Vertigo and earthquakes
Why do people feel dizzy after an earthquake? Dr. MOHAN KAMESWARAN explains.
VERTIGO or dizziness is a commonly recognised phenomenon after an earthquake. After the recent earthquake, there has been a flood of worried patients who have symptoms of vertigo.
Vertigo is a subjective sensation of movement or rotation experienced by a person in relation to his/her environment. It occurs when there is a mismatch or discrepancy in the information sent to the brain from three organs - the labyrinth (the inner ear), the eye and the sensation from the lower limbs while standing. Of these, the most sensitive and primary input is from the labyrinth.
The labyrinth is, in many ways, responsible for our erect posture. Even the slightest stimulation of this area gives a sensation of vertigo. This happens when the head moves from a static position. This sends the information to the brain from both sides and the brain interprets the information to understand the position of the head and the body. This is accompanied by information from the eyes and the lower limbs, which should corroborate each other.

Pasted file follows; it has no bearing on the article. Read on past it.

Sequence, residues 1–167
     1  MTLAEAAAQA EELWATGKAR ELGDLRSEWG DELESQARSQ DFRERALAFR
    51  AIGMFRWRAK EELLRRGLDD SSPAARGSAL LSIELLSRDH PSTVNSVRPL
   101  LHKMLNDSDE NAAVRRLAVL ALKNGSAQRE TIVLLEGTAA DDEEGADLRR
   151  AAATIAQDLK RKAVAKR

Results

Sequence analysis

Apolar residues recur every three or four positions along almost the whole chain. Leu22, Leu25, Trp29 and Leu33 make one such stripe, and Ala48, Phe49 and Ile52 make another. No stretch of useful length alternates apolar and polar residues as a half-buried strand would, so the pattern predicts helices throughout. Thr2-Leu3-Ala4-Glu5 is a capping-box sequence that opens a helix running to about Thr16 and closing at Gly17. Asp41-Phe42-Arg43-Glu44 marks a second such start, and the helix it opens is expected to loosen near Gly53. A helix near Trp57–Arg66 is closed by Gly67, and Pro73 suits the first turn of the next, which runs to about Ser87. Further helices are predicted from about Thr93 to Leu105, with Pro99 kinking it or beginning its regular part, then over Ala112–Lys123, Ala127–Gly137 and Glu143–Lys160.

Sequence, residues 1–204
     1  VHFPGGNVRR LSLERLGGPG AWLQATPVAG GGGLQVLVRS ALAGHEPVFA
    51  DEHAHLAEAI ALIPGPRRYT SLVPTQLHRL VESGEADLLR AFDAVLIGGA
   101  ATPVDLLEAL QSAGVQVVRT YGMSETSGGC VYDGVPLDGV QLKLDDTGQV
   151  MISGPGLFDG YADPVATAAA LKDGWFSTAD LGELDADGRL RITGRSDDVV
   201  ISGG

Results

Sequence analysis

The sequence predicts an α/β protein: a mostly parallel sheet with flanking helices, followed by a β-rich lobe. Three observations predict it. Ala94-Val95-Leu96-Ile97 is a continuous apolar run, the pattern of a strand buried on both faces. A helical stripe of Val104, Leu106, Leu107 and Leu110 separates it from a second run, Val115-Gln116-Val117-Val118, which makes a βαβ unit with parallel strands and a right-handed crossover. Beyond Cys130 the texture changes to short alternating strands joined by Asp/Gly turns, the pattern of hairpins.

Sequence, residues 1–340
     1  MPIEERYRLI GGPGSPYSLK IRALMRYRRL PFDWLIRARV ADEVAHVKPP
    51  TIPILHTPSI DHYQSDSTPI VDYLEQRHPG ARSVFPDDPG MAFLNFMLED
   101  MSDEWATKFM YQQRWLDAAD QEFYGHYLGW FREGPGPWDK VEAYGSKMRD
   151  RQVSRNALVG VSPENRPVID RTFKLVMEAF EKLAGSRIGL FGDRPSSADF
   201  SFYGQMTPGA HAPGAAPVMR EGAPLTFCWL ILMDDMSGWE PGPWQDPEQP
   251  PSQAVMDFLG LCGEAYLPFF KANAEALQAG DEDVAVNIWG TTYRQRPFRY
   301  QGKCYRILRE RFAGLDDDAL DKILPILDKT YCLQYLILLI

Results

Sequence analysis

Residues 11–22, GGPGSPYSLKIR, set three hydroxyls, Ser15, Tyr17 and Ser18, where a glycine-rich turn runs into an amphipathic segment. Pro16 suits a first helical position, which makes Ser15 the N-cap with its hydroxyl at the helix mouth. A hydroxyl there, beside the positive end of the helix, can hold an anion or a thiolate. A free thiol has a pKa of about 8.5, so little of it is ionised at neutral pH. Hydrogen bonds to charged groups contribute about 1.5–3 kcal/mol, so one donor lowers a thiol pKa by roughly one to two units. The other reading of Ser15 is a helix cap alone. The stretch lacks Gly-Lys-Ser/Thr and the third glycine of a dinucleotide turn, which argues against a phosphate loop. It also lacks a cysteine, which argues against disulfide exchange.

Thus when we travel by air or sea, there may be a mismatch from the labyrinth (which is stimulated) and the eye (which may be suggest that we are stationary) resulting in vertigo (air or sea sickness).
During an earthquake, there is powerful low frequency stimulation of the labyrinth. In animals, it serves as an alert. In humans, however, this survival instinct has been more or less lost but the stimulus of the labyrinth can still lead to an unpleasant sensation we call vertigo. This is more so if the person suffers a labyrinthine dysfunction with a prior history of vertigo.
Send this article to Friends by